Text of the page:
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May 2022  Volume 16Issue 1
Journal of Health and Life Sciences Law

President Biden’s Executive Order 13995 on COVID-19 and Health Equity: Seeking Justice in a Public Health Crisis

  • May 23, 2022
  • Darryl Crompton , Yale School of Public Health


In January 2021, President Biden signed Executive Order 13995, Ensuring an Equitable Pandemic Response and Recovery, to better serve communities of color. As part of the President’s “National Strategy for the COVID-19 Response and Pandemic Preparedness,” the Executive Order created a Presidential COVID-19 Health Equity Task Force to address the disproportionate impact of the pandemic on minority populations and to reduce racial and ethnic disparities of COVID-19 prevention, testing, and treatment.1, 2, 3 That Task Force issued and delivered the Presidential COVID-19 Health Equity Task Force Final Report and Recommendations to the White House on November 10, 2021.4 A substantial majority of those recommendations are directed at federal action; however, many of the COVID-19 policy recommendations can, and should be, adapted for implementation by local governments.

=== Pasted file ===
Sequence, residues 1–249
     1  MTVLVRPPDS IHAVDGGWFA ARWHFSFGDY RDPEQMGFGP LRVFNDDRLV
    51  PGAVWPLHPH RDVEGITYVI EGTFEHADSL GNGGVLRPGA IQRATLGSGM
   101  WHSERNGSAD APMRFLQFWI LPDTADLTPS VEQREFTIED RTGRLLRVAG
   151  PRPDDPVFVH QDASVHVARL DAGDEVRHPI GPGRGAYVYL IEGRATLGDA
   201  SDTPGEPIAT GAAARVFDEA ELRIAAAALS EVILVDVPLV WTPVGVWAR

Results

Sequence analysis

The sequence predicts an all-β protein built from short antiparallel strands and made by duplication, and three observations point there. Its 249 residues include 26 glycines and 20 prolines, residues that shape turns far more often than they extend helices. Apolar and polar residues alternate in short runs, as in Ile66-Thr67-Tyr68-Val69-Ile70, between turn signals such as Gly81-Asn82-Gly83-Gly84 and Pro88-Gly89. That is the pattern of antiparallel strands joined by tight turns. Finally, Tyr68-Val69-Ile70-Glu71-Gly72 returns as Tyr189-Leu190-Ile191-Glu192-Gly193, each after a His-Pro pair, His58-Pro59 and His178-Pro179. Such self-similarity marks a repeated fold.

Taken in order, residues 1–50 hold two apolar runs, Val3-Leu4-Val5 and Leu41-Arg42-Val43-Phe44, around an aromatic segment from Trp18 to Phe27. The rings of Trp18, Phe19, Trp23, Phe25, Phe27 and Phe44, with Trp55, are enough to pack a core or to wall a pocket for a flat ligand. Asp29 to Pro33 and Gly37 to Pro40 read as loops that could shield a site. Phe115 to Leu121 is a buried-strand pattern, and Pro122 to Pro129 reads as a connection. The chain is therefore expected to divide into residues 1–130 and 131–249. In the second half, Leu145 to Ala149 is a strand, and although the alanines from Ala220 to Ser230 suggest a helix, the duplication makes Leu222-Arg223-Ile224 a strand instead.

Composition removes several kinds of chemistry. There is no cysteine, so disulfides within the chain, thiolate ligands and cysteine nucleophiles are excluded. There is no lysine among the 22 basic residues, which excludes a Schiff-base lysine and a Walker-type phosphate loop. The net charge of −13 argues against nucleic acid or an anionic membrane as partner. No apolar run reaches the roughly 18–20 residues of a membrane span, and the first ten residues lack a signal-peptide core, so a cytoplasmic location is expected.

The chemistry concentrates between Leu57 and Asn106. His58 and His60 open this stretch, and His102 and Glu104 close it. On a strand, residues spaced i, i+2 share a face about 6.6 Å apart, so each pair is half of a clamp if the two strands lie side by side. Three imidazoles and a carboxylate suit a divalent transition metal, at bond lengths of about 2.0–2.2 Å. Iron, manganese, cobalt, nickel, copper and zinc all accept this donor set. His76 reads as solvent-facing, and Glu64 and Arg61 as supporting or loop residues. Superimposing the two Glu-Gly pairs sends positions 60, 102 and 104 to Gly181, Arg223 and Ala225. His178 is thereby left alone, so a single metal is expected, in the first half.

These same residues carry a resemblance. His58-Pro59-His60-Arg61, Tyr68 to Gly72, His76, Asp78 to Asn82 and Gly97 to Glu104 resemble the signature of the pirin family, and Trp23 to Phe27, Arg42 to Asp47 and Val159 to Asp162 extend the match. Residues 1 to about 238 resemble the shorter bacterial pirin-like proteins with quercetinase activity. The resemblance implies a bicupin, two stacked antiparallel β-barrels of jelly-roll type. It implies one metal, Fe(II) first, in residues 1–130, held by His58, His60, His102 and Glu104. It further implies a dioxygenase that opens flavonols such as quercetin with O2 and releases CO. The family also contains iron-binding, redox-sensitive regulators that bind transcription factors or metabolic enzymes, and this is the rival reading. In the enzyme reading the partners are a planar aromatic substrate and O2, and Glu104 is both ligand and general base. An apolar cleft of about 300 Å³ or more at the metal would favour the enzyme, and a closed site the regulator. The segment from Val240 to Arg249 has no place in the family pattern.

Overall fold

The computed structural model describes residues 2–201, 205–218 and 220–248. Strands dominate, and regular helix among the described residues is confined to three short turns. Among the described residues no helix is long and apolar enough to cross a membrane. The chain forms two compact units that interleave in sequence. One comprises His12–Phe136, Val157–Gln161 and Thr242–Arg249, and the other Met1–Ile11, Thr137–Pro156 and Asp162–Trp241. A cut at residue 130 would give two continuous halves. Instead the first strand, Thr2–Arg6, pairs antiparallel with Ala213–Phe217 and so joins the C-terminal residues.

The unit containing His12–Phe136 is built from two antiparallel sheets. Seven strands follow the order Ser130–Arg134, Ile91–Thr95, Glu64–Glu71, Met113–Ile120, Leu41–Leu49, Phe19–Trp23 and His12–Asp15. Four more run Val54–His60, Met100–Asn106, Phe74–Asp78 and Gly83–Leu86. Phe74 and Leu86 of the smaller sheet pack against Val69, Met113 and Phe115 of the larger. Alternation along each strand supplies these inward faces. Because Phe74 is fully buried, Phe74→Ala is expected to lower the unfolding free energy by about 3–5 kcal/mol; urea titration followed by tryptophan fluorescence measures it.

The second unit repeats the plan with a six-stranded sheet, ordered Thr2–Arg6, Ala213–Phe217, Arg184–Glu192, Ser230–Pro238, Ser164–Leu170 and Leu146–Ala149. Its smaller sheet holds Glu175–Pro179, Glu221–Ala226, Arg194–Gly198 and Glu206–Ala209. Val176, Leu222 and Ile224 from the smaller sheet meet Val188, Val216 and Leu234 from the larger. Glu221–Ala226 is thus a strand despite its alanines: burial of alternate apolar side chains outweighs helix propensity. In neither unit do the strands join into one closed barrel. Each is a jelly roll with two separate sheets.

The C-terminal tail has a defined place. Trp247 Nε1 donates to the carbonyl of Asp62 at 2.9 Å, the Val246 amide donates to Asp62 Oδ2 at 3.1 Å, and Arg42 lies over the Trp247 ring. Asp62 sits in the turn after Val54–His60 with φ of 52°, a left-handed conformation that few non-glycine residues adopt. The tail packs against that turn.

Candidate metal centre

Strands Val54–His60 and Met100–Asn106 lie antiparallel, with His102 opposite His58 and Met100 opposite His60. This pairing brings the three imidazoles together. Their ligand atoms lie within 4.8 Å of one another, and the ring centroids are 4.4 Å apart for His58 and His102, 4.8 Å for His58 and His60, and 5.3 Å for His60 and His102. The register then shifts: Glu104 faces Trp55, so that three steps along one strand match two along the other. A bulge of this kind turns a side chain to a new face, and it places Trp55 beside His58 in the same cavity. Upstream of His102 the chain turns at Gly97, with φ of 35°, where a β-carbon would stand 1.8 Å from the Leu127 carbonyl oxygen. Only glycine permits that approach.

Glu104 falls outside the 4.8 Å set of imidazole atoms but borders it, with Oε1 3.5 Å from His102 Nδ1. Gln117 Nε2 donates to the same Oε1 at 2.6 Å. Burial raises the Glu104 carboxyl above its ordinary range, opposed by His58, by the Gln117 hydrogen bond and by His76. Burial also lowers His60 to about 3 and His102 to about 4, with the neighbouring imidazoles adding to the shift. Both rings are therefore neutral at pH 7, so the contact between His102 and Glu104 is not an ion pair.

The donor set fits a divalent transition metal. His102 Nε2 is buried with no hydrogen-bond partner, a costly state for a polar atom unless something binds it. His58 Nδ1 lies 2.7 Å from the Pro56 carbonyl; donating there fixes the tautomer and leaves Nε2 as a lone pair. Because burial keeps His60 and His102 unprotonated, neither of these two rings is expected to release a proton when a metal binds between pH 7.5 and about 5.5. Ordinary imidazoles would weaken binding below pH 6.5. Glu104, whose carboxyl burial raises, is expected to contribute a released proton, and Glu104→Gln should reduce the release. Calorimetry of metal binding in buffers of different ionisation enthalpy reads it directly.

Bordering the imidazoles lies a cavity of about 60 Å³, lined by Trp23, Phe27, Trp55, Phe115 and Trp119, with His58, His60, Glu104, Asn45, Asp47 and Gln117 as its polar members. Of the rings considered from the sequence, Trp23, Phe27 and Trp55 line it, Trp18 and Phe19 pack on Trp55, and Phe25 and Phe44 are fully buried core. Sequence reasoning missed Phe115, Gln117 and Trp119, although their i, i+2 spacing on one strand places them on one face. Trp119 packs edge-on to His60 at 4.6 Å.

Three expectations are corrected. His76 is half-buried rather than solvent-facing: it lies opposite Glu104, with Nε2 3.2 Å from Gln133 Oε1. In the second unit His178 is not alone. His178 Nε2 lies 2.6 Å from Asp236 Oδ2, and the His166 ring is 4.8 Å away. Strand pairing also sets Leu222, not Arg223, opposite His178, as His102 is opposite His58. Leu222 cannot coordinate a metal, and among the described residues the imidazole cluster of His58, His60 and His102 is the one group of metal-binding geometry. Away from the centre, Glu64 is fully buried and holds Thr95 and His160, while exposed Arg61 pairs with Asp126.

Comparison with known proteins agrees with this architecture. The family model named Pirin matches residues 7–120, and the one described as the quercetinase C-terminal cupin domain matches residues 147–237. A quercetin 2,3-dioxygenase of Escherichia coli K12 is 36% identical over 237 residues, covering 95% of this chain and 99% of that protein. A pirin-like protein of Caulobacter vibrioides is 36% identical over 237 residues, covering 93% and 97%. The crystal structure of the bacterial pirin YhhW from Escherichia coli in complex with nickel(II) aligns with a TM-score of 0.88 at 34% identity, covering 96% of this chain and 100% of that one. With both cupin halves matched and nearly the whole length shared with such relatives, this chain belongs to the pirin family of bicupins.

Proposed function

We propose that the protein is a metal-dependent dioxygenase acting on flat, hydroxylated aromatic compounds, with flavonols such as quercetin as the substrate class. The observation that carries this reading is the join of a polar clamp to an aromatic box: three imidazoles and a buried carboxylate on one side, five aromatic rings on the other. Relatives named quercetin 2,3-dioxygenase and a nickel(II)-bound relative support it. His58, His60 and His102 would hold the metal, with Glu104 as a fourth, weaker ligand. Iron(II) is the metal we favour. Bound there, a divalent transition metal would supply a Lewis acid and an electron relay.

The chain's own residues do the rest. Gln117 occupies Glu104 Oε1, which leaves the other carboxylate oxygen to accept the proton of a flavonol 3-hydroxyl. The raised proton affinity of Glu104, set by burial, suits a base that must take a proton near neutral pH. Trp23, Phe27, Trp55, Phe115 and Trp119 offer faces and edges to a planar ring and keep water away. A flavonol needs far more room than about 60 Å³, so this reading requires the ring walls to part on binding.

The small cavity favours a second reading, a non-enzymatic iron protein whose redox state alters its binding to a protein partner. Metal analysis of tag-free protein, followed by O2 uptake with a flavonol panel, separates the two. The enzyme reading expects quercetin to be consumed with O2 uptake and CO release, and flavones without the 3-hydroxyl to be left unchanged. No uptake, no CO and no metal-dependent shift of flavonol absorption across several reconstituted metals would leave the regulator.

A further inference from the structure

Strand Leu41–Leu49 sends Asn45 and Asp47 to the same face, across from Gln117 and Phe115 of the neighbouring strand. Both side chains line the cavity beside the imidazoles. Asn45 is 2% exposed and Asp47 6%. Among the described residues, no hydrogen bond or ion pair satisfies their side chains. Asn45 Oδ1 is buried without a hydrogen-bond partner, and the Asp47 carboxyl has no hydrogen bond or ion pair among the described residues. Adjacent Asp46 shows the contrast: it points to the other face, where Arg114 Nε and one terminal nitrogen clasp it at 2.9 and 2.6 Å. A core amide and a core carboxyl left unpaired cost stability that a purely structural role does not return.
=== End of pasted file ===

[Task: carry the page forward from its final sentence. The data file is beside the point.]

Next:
This article explores several health policy issues related to the President’s COVID-19 Executive Order, including health equity and justice, structural racism, health disparities, vaccine access, and vaccine acceptance in communities of color. This article also proposes several health equity policy considerations to local governments intended to supplement the Task Force recommendations. Health care attorneys can play a key role in achieving health equity by engaging with local officials and communities of color to adopt these local government health equity policy considerations.

COVID-19’s Effect on Communities of Color